Success Story: Community Against Violence

Advocating for Children’s Safety


Community Against Violence (CAV) has been providing services for children and families affected by domestic and sexual violence in Taos County since 1978. A critical program that increases safety for children and families is CAV’s Northern New Mexico Children’s Advocacy Center (NNMCAC).

The NNMCAC is where children and vulnerable adults who are suspected to have been abused or neglected can come to share what happened in a specialized forensic interview as part of the investigative process.

This program, formerly known as the Taos Children’s Saferoom, began in Taos County in 1997 when CAV staff recognized a need for a confidential, child-friendly place where children and vulnerable adults could be safely interviewed about suspected abuse — or where law enforcement, child protective services, prosecution, and medical and advocacy professionals could coordinate their efforts on behalf of the children.

“There was no other program like this and I knew there was a huge need,” said Kat Duff, one of NNMCAC’s first directors.

In 2000, the program expanded its service area to cover the entire Eighth Judicial District of Taos, Colfax and Union counties.

“The specialized interview for children and adults means that they don’t have to go through the additional trauma of being interviewed over and over again by each of the different responding agencies,” said Executive Director Malinda Williams, who has been with CAV since 1994.

In 2005, the NNMCAC became the first such program in New Mexico to achieve national accreditation from the National Children’s Alliance, an organization that supports child advocacy centers. Soon, the program widened its reach to encompass adults with developmental disabilities and dementia.

“Before this program, children would be expected to be interviewed numerous times by the police, by social services and then in court, usually by people who did not understand cognitive levels or how trauma affects a person’s ability to recount their experiences,” said Program Director Julie Kay Vigil-Romero.

The program has continued to expand and now includes Río Arriba, Mora, San Miguel and Guadalupe counties. It also provides services to the Pueblos of Taos, Picuris, Ohkay Owingeh and other pueblos when requested. Its main offices are in Taos with satellites in Raton and Las Vegas. Throughout the service area, the NNMCAC expects to serve 200 children this year.

To lessen the child and family’s stress, the Taos-based interviewers travel to the site nearest the victim’s home, and locally based advocates link children, adults and their families with services for medical, counseling, case management and legal support.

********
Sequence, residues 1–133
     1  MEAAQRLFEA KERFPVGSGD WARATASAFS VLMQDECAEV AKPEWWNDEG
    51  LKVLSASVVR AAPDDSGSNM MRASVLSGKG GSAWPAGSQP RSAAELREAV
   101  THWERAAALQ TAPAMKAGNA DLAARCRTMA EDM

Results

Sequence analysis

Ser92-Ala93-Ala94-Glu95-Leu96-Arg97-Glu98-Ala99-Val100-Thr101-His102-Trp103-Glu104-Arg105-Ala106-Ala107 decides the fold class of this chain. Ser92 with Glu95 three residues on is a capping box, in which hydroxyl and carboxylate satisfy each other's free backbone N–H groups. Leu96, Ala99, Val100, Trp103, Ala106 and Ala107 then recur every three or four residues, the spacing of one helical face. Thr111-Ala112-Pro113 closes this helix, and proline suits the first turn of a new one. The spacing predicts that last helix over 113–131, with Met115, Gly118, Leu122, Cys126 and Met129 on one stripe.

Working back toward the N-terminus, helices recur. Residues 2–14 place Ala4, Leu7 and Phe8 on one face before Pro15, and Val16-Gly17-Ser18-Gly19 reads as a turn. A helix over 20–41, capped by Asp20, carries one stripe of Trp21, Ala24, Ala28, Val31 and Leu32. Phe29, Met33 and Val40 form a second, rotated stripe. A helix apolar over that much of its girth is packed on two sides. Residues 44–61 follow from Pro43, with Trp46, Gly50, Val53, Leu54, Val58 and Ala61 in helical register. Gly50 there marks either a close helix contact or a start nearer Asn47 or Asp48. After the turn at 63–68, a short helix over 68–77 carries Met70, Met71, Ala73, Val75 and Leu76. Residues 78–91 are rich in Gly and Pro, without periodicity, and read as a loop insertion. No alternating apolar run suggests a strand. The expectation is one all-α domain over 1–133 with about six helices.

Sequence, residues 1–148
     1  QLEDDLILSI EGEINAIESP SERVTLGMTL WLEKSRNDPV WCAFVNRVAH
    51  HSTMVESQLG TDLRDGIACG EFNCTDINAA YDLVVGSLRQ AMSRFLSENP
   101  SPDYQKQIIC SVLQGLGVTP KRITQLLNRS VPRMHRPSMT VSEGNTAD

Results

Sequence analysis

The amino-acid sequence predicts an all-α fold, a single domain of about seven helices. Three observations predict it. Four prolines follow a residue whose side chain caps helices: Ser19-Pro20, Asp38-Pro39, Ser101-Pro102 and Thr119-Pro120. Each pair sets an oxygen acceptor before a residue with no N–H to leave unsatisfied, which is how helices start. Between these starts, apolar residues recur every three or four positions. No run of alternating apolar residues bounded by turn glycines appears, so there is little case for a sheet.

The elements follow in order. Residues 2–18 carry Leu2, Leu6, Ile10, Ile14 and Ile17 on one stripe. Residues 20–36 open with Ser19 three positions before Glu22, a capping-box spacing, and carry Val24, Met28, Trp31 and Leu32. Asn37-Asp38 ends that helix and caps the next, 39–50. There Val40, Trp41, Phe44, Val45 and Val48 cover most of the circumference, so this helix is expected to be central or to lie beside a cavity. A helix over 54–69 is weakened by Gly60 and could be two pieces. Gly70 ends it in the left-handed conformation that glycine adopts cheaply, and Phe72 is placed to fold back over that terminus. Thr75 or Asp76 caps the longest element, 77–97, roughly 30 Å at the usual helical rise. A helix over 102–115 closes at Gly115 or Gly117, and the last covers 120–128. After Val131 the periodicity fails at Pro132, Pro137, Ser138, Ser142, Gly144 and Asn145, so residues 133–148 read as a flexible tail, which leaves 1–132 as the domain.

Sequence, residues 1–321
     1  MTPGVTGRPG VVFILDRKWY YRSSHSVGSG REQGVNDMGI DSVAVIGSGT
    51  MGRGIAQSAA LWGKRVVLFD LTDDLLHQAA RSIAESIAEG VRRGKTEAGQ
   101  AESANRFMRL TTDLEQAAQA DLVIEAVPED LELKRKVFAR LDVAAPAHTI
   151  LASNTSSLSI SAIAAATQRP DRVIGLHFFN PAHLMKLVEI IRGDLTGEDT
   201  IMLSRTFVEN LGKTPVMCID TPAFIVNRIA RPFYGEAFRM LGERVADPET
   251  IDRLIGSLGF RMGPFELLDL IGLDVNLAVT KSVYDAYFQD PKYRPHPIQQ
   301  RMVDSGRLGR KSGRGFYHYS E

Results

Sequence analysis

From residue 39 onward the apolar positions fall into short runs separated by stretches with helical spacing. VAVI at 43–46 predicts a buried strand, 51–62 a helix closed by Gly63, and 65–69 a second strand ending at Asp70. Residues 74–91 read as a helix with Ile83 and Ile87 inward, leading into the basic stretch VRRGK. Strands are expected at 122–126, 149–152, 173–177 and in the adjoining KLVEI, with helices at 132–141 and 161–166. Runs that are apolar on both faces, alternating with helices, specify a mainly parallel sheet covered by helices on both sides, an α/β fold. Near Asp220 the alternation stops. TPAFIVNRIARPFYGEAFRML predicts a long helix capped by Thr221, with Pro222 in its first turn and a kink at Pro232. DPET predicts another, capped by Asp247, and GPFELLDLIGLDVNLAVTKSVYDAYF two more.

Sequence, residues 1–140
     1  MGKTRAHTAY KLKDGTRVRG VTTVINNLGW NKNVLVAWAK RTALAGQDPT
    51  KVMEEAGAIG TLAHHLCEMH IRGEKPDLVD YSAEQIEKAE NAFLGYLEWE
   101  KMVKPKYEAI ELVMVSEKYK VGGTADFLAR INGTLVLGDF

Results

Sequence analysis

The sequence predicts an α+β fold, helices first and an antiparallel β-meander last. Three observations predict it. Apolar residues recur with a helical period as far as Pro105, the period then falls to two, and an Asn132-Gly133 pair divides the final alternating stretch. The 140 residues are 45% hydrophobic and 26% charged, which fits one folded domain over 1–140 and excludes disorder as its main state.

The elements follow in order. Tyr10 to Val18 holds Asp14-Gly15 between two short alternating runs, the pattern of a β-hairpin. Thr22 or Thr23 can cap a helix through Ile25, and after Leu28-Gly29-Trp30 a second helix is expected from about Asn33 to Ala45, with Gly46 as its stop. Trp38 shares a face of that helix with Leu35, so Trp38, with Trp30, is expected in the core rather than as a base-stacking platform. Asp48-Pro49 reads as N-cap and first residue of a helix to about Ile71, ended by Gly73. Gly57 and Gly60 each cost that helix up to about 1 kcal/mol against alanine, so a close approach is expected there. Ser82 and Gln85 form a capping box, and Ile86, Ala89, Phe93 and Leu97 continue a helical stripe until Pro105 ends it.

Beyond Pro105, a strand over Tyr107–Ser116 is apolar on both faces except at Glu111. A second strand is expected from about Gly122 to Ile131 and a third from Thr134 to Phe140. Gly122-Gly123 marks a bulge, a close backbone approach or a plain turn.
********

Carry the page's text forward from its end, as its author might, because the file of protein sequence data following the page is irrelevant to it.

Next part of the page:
“These services are for both the victims and their protective caretakers,” said Williams. “They are offered support to get through this difficult time in their lives.”

The whole process begins when law enforcement or child protective services opens an investigation into suspected cases of abuse or neglect of a child or adult with disabilities. When an investigation is initiated, those officials contact NNMCAC to conduct an interview. Personnel are available 24 hours a day, seven days a week to provide interviews at the main site at CAV in Taos and at satellite offices in Raton and Las Vegas.

“They know that when they make the call, we will be there,” said Vigil-Romero, who has been at CAV for 11 years. “That trust between us and law enforcement is critical to the victim’s welfare.”

Interviewing a person about a traumatic experience of sexual/physical abuse is a

delicate and daunting task. At each NNMCAC site, there are specific interview rooms for children, equipped with toys, play areas and stuffed animals to help them feel more at ease.

“It’s important that our interviewers can talk in the child’s language and at their developmental level so they feel as comfortable as possible,” Williams said.

This forensic interview limits “re-traumatization” of the victims and provides evidence that helps prosecutors build a case in court. An interview can contribute crucial corroborating evidence for the district attorney, and interviewers can testify about the interview in court.

Oftentimes, an interview of a child or vulnerable adult prompts other family members to speak up about violence: “After

an interview, we often hear from

parents that they experienced abuse as children, and we want to stop the cycle and keep from passing it on to future generations,” said Duff.

“We encourage the community to talk about abuse,” said Williams. “It’s a big secret in most communities, something that’s hidden and never talked about. So we talk openly about children’s safety and how disclosing abuse, assaults or neglect will make all children safer.”

NNMCAC is part of CAV’s expansive array of services for survivors of domestic and sexual violence that include advocacy and case management services; crisis intervention and safety planning; counseling and support groups; parenting classes; Batterer’s Intervention Programs; and prevention and educational programs for the community.

In addition, counselors, attorneys, physicians and other professionals offer their services at no cost or reduced rates, and many businesses donate their services and goods. Volunteers, local donations, sales at the CAV Thrift Store and fundraising supplement funding and grants from various private foundations, corporations, and federal, state and local governments.